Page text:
Rule # 5 – Acid and Protein Avoid combining concentrated proteins and acids at the same meal.
Rule # 5 Details – Acid and Proteins
- Since protein requires an acid medium for proper digestion, you would think that acid foods would facilitate protein digestion, but it does not work that way.
- When acid foods enter the stomach they inhibit the secretion of hydrochloric acid and the protein-digesting enzyme pepsin can work only in the presence of hydrochloric acid, not just any acid.
- Therefore, orange juice inhibits the proper digestion of eggs and a strong vinegar dressing on salads inhibits the digestion of steak.
Rule # 6 – Starch and Sugar
Eat starches and sugars separately.
Rule #6 Details – Starch and Sugar
- It has been confirmed that when sugar enters the mouth along with starch, the saliva secreted during mastication contains no ptyalin, thereby sabotaging starch digestion before it reaches the stomach.
- In addition such a combination blocks the passage of sugar through the stomach until the starch is digested, causing it to ferment.
- When you apply sugar to a breakfast cereal you introduce sugars to the starch which interferes with the digestion of the cereal.
Rule # 7 – Melon
Eat melons alone or leave them alone.
Rule # 7 Details – Melons
- Melons are such a perfect food for humans that they require no digestion whatsoever in the stomach. Instead, they pass quickly through the stomach and move into the small intestine for digestion and assimilation.
- However, this can only happen when the stomach is empty and melons are eaten alone, or in combination only with other fresh raw fruits.
- When consumed with or after other foods that require complex digestion in the stomach, melons cannot pass into the small intestine until digestion of other foods in the stomach is complete.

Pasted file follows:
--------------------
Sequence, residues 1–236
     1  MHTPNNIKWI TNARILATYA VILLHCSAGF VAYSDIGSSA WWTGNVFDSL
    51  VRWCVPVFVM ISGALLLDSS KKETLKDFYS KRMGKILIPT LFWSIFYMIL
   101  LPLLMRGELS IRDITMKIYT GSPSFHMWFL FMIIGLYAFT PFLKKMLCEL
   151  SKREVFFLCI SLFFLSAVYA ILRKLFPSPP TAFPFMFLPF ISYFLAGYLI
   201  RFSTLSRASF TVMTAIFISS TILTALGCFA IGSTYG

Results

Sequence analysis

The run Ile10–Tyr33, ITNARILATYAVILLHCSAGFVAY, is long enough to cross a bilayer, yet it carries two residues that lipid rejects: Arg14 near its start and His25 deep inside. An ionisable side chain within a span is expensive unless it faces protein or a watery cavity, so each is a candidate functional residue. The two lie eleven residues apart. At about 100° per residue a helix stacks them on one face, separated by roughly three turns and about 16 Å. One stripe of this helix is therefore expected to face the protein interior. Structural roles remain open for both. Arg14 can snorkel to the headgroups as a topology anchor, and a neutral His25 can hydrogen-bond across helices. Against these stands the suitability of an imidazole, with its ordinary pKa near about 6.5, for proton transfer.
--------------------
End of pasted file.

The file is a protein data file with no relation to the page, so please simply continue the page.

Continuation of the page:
- The result of this mixture is sitting and stagnation of these foods in the stomach. This quickly ferments and causes all sorts of gastric distress.
Rule # 8 – Desserts
Avoid sweet starchy desserts, as well as fruits, after large meals of proteins or carbohydrates.
Rule #8 Details – Desserts
- Avoid any sort of sweet dessert after a big meal, for this type of food combines poorly with everything.
- Even fresh fruit should be avoided right after a big meal because it will back up in the stomach and ferment instead of digest.
- If you really have a ‘sweet tooth’ and crave cakes, pies and pastries, indulge your habit occasionally by making a whole meal of them.
Rule # 9 – Milk and Dairy
Eliminate pasteurized and homogenized milk entirely from your diet.
If raw certified milk is available consume it as a whole food in itself, not in combination with other foods.
Rule # 9 Details – Milk and Dairy
- This is the most controversial and misunderstood topic in the Western diet.
- If we look at nature, we see that the young feed exclusively on milk until weaned away from it with other foods. The natural disappearance of the milk-digesting enzyme lactase from the human system upon reaching maturity proves that adult humans have no more nutritional need for milk than adult tigers or chimpanzees.
- Although milk is a complete protein food when consumed raw, it also contains fat, which means that it combines poorly with any other food except itself. Yet adults today routinely ‘wash down’ other foods with cold milk. Milk curdles immediately upon entering the stomach, so if there is other food present the curds coagulate around other food particles and insulate them from exposure to gastric juices, delaying digestion long enough to permit the onset of putrefaction.
- Therefore, the first and foremost rule of milk consumption is, ‘Drink it alone, or leave it alone.’
- Today, milk is made even more indigestible by the universal practice of pasteurization, which destroys its natural enzymes and alters its delicate proteins.
- Raw milk contains the active enzymes lactase and lipase, which permit raw milk to digest itself.
- Pasteurized milk, which is devitalized of lactase and other active enzymes, simply can not be properly digested by adult stomachs, and even infants have trouble with it, as evidenced by colic, rashes, respiratory ailments, gas and other common ailments of bottle-fed babies.
- The lack of enzymes and alteration of vital proteins also renders the calcium and other mineral elements in milk largely impossible to digest.